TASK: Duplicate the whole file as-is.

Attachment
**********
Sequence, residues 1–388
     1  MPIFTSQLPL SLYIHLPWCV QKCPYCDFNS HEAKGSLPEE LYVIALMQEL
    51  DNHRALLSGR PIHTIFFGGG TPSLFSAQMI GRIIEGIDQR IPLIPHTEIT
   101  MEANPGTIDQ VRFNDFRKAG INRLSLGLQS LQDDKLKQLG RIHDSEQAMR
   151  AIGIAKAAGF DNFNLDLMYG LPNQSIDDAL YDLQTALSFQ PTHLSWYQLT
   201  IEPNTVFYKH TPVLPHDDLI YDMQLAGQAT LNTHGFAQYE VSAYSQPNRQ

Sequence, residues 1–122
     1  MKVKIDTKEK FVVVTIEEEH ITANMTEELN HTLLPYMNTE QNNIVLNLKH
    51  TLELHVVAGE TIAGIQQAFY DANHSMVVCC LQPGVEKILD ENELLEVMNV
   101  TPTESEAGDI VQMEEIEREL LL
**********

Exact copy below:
Sequence, residues 1–388
     1  MPIFTSQLPL SLYIHLPWCV QKCPYCDFNS HEAKGSLPEE LYVIALMQEL
    51  DNHRALLSGR PIHTIFFGGG TPSLFSAQMI GRIIEGIDQR IPLIPHTEIT
   101  MEANPGTIDQ VRFNDFRKAG INRLSLGLQS LQDDKLKQLG RIHDSEQAMR
   151  AIGIAKAAGF DNFNLDLMYG LPNQSIDDAL YDLQTALSFQ PTHLSWYQLT
   201  IEPNTVFYKH TPVLPHDDLI YDMQLAGQAT LNTHGFAQYE VSAYSQPNRQ

Sequence, residues 1–122
     1  MKVKIDTKEK FVVVTIEEEH ITANMTEELN HTLLPYMNTE QNNIVLNLKH
    51  TLELHVVAGE TIAGIQQAFY DANHSMVVCC LQPGVEKILD ENELLEVMNV
   101  TPTESEAGDI VQMEEIEREL LL